I opened the statement with shaking hands. $8,567.30 for a CT scan and a recommendation to take some tylenol after a devastating car accident that had damaged my spine irreparably. There was nothing else they could do, even as I felt the sparking shocks in my fingertips and toes that meant that I had sustained some nerve damage. I had no idea what to do. I called the nurse hotline first, on the verge of sobbing in fear. I had developed some incontinence– one of the signs of severe nerve damage. The nurse recommended I head to the emergency room. I thought that made sense. I could barely walk at that point. Still in too-big pajama clothes (there was absolutely no way I could change my outfit), I stumbled to an uber and headed to the nearest hospital. I was all of 20 years old. I had no idea how insurance and healthcare worked– my family would be upset that I was away from home at all, and they were very blue-collar and poverty-stricken themselves…there was no way they were informed either. Their advice would be to stay home and wait for it to pass, but with the symptoms worsening I would be far too afraid to listen. With my boyfriend at work and no local friends, I was on my own as the kind uber driver left, wishing me health and luck. I was in an extreme amount of pain. We had taken the elevator, and when the upward travel compressed my spine I was pretty certain– for perhaps the second time in my life– that I was going to pass out from the pain. It rippled up my body in a wave, and I became acutely aware of my injury. It was a gaping maw of hurt. I had to get this resolved. NOW. “Do you take Blue Cross?” I croaked to the man at the front desk, who was shaking his head at me as I sat, looking very dazed probably. “Martha, do we take Blue Cross?” He shouted to a woman just around the corner. “We do!” I heard a shout back. Looking back on it three years later, I should have thought it was odd that no card was ran, no information was taken– I don’t even know if they took my name until I was already in one of the ER rooms. Even more noticeably, I should have thought it odd that the ER waiting room was completely empty. It was about 8 in the morning, but even then, there should have been someone or two waiting to be seen for a silly injury or some suspicious chest pain. But it was just me. This would be the prelude to me being saddled in years of debt. Was it incompetence? A terrible suspicion of “drug seekers” at that particular hospital? I’m unsure. Regardless, it was my burden to overcome. I learned that hospitals often have such a thing called Charity Care for low-income people. My $8,567.30 bill was knocked down to about $5000. Much better. I asked for an itemized bill and it went down to $3300. Even better. From there, I heard of such a thing called The Orion Fund. This is a scholarship fund meant specifically for low-income individuals who have medical debt. I was selected as one of the recipients of the prize, and my debt was eliminated. From this I learned several things: insurance is certainly not to be trusted, and healthcare in our society is a form of extortion, not actual support. Thank you.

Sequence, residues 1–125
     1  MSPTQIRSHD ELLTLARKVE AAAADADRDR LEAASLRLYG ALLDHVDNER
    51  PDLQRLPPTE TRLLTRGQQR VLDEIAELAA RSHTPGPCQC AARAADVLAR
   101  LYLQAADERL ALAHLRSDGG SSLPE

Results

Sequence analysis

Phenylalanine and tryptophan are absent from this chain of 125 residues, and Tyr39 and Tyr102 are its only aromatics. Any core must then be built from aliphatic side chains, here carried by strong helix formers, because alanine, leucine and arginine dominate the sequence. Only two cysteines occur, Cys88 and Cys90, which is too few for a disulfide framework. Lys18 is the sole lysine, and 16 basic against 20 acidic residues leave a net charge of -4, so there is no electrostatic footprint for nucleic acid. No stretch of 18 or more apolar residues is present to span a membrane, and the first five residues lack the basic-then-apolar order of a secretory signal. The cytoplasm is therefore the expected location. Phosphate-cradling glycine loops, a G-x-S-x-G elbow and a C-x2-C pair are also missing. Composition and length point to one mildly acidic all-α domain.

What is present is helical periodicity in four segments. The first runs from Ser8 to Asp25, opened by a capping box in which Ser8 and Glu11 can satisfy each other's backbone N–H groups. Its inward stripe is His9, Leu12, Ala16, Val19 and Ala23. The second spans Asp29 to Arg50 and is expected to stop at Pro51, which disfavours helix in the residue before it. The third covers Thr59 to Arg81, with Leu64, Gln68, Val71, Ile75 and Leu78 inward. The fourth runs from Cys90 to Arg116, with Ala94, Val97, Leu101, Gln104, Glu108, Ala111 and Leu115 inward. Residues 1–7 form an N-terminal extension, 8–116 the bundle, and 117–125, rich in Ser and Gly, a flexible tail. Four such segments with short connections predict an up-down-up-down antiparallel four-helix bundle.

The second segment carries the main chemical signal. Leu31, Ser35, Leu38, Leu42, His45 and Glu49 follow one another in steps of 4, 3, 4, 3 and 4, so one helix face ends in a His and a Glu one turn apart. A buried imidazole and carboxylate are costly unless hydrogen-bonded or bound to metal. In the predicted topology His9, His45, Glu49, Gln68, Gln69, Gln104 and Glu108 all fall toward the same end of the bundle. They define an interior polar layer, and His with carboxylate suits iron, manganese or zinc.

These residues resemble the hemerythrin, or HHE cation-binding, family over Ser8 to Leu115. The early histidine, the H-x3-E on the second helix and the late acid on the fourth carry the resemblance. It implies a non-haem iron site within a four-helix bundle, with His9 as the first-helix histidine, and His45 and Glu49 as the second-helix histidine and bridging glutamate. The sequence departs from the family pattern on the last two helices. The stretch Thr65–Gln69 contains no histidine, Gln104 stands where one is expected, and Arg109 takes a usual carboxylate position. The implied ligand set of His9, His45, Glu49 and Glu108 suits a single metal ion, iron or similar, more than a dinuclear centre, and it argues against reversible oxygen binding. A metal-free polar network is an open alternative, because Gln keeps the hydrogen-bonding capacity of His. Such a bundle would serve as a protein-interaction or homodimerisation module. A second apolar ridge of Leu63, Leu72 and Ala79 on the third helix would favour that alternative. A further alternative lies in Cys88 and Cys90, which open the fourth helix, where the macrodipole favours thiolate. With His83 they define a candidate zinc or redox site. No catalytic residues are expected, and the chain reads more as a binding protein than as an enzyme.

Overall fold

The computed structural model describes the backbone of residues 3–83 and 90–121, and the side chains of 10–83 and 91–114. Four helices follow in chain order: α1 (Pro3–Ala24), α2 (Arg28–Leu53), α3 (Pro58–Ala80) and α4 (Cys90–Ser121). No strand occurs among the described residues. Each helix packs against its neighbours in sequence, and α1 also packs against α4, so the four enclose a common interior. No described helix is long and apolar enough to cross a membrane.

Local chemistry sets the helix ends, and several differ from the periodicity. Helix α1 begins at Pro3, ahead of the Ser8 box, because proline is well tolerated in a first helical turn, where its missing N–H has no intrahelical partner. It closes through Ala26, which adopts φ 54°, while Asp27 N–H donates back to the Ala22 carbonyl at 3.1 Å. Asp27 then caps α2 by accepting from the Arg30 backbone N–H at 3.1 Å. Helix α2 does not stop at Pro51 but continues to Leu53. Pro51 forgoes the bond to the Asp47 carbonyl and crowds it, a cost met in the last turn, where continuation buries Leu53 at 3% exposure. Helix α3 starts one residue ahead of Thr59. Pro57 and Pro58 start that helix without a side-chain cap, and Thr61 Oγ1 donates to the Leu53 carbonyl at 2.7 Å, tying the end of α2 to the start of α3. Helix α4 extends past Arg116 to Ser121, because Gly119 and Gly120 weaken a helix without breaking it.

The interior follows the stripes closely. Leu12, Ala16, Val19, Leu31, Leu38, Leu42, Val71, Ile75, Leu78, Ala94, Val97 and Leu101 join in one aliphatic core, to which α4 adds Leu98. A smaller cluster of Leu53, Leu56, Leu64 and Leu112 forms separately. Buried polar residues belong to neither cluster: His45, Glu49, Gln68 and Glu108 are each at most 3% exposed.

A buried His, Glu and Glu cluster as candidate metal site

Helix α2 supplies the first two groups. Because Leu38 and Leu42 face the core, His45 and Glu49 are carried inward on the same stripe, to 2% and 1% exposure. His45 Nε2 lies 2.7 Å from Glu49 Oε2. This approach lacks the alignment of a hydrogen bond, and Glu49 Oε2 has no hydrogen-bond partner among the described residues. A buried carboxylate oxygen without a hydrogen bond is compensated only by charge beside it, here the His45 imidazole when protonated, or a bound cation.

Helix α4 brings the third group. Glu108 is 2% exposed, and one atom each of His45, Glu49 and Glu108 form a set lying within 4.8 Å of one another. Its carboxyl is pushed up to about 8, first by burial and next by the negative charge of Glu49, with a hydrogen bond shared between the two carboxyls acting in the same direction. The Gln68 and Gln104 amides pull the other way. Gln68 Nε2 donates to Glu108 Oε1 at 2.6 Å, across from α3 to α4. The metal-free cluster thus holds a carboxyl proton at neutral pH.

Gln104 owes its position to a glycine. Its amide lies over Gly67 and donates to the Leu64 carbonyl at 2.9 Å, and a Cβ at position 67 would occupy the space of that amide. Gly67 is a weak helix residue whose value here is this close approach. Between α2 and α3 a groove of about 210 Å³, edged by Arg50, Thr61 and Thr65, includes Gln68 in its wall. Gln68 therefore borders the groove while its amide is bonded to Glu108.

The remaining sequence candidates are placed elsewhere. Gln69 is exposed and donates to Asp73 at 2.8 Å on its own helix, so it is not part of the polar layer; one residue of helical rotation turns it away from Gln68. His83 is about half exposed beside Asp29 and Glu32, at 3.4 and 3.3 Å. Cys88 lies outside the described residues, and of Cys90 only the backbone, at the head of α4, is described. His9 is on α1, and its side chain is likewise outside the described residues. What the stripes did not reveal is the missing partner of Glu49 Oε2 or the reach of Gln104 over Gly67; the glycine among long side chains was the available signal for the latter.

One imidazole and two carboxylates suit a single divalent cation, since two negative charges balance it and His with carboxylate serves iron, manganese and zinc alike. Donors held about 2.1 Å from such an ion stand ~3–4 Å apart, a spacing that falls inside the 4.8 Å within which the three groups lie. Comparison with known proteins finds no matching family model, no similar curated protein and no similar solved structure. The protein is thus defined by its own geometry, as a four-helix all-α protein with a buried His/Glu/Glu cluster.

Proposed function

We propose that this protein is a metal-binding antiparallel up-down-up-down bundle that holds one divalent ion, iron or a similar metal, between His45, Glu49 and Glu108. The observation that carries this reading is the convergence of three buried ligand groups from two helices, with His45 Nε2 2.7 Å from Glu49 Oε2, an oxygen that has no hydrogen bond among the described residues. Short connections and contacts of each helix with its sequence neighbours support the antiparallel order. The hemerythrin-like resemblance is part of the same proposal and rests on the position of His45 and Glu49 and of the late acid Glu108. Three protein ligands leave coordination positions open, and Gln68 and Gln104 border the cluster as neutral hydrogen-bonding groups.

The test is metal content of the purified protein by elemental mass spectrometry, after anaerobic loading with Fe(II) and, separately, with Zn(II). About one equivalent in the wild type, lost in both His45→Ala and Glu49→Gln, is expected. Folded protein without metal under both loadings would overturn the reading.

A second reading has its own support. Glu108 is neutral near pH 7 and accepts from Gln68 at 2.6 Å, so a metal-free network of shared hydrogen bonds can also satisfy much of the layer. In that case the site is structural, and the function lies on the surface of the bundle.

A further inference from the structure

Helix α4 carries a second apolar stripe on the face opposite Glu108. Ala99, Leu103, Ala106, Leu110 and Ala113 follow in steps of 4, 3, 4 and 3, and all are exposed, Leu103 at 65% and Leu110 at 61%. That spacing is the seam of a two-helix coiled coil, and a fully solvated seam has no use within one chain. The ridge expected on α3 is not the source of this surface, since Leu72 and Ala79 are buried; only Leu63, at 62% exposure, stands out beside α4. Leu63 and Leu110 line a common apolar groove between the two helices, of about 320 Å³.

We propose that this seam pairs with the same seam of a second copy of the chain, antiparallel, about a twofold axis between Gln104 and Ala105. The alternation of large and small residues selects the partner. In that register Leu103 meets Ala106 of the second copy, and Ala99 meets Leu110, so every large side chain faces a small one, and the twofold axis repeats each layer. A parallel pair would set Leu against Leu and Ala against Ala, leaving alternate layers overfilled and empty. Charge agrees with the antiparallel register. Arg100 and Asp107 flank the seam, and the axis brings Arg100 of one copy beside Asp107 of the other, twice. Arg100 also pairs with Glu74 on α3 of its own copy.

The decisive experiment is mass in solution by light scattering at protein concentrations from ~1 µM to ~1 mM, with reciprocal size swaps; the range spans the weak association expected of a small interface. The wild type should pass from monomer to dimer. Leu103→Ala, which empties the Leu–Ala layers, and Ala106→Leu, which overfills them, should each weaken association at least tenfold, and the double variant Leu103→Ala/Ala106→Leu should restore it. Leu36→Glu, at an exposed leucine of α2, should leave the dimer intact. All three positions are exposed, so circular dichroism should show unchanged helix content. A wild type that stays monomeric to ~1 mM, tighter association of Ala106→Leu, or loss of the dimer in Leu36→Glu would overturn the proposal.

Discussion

Alicea Sperstad Rural Writer Scholarship